• 6. Page 6 | Confidential and Proprietary Information Regulator Observations • www.frc.org.uk - UK’s Financial Reporting Council • Produced its 2012 annual inspection report last Wednesday – http://frc.org.uk/Our-Work/Publications/Audit-Quality-Review/Audit- Quality-Inspections-Annual-Report-2012-13.aspx • ICAEW’s QAD Audit Monitoring Report 2012 – www.icaew.com/~/media/Files/Technical/Audit-and- assurance/audit/working-in-the-regulated-area-of-audit/audit- monitoring-2012.pdf
  • 7. Page 7 | Confidential and Proprietary Information Regulator Observations – Common Themes • Inefficient audit methodologies lead to over-auditing and under-auditing • Too much documentation in some established areas and not enough in other difficult areas • Little evidence of professional scepticism – insufficient evidence of challenge • Poor evidence of the link between risk analysis and procedures performed – problems are identified but not addressed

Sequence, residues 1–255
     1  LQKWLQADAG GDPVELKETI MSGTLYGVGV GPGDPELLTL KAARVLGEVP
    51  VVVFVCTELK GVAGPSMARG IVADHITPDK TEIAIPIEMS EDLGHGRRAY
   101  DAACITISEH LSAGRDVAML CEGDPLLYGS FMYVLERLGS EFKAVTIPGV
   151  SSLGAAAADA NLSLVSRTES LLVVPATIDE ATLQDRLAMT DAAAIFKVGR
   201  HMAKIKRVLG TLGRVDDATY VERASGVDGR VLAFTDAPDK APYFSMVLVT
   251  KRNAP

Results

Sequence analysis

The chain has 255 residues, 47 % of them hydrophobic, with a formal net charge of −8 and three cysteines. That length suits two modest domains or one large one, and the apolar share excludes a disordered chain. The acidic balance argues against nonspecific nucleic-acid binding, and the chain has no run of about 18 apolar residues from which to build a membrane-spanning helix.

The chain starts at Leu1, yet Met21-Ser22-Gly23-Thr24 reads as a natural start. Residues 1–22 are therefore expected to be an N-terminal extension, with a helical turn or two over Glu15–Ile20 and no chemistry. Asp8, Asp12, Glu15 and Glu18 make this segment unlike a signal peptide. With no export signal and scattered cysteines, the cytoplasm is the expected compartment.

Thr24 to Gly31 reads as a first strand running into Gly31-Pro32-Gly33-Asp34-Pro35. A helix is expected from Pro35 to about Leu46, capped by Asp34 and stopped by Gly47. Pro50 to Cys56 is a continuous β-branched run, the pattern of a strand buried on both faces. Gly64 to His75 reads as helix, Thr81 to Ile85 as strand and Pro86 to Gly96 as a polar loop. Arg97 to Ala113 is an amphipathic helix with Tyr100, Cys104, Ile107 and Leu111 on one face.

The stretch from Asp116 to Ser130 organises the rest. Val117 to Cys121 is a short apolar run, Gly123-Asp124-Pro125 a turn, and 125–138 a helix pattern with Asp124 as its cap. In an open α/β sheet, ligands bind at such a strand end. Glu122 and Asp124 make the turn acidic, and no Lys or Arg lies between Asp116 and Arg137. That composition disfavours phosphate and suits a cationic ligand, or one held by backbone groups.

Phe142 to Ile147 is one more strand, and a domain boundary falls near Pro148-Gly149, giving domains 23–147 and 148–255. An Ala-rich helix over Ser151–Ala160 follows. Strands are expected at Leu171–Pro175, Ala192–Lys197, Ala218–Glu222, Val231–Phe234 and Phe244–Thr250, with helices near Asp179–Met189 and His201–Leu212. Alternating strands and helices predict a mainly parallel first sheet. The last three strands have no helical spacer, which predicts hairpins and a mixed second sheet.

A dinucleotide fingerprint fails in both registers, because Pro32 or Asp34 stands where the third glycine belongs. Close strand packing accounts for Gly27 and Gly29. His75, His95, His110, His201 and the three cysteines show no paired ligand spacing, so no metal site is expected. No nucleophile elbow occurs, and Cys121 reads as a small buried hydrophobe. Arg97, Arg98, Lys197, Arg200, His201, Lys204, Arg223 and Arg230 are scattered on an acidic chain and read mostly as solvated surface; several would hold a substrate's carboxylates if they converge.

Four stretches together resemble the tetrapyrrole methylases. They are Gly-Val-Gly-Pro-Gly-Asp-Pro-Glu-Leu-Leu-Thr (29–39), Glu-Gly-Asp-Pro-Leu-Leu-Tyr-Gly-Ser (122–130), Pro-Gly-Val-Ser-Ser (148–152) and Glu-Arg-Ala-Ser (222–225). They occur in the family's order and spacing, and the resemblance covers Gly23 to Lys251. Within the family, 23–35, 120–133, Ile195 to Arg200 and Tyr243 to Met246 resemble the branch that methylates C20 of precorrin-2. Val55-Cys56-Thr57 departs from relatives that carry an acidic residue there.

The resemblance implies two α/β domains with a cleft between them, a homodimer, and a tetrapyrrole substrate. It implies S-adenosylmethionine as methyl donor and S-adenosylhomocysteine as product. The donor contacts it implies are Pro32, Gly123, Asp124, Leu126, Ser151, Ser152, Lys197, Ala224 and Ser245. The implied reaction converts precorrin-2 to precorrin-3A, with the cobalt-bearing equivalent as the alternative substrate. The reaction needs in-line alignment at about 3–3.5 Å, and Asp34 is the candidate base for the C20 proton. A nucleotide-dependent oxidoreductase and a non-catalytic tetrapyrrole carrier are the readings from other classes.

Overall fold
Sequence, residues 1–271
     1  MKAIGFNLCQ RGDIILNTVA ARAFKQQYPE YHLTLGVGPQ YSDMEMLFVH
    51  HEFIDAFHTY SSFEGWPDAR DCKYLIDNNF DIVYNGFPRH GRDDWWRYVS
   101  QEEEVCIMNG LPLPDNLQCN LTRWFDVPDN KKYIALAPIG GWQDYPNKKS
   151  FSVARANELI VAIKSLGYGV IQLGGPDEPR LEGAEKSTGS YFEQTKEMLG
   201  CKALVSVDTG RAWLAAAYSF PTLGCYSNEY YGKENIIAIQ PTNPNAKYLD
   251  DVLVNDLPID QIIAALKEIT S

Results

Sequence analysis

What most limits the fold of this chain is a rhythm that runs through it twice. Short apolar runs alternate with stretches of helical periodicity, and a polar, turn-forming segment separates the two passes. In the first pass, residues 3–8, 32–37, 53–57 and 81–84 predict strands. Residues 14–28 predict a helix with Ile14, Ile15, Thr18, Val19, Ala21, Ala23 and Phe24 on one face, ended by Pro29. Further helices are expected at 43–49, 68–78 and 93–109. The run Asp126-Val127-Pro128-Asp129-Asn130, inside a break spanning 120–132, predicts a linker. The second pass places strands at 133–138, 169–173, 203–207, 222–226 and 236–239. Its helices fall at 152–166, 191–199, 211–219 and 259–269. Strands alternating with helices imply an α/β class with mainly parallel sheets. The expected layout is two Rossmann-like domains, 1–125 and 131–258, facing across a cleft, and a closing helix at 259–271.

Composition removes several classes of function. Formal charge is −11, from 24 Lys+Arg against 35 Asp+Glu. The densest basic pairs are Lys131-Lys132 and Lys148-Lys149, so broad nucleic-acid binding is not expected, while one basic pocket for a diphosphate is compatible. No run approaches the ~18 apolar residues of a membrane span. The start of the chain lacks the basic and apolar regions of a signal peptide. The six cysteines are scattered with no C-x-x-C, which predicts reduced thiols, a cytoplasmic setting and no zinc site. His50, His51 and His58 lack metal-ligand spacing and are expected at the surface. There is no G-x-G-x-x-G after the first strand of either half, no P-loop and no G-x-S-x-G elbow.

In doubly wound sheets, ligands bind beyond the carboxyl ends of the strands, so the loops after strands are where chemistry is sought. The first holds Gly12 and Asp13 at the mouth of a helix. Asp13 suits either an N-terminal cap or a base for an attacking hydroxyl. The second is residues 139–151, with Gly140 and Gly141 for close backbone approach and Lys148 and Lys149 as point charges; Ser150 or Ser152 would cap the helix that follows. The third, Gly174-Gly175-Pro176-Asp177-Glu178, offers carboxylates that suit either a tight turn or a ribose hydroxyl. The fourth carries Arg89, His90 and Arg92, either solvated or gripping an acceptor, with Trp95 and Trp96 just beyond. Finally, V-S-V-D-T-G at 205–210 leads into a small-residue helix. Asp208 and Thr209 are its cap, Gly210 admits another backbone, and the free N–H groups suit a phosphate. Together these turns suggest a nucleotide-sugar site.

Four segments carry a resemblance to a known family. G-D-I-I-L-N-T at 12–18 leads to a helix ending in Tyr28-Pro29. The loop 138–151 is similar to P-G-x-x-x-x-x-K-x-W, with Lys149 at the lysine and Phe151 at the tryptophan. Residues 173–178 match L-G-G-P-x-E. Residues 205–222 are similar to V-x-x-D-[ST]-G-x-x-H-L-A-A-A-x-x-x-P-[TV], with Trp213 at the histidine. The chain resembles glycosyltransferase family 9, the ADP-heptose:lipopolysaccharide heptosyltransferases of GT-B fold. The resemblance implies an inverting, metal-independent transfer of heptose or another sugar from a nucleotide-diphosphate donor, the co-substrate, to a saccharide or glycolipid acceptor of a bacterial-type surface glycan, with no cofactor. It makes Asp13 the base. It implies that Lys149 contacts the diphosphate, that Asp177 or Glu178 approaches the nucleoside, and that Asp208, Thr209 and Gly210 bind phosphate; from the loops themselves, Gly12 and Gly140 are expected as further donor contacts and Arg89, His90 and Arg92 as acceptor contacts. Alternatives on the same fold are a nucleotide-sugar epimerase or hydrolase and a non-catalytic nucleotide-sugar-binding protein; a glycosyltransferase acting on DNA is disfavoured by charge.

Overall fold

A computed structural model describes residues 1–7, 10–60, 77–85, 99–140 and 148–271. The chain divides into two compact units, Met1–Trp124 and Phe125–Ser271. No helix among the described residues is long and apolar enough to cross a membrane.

• 8. Page 8 | Confidential and Proprietary Information Regulator Observations – Too Much and Not Enough • Not enough showing the thought processes– but how do you document a thought process? • Sample sizes being cut, materiality levels being raised, analytical procedures are not being used much - without documentation for the justification of this – big issues • Nothing at all being done in some low risk areas • Too much in low risk areas and areas in which audit procedures are well established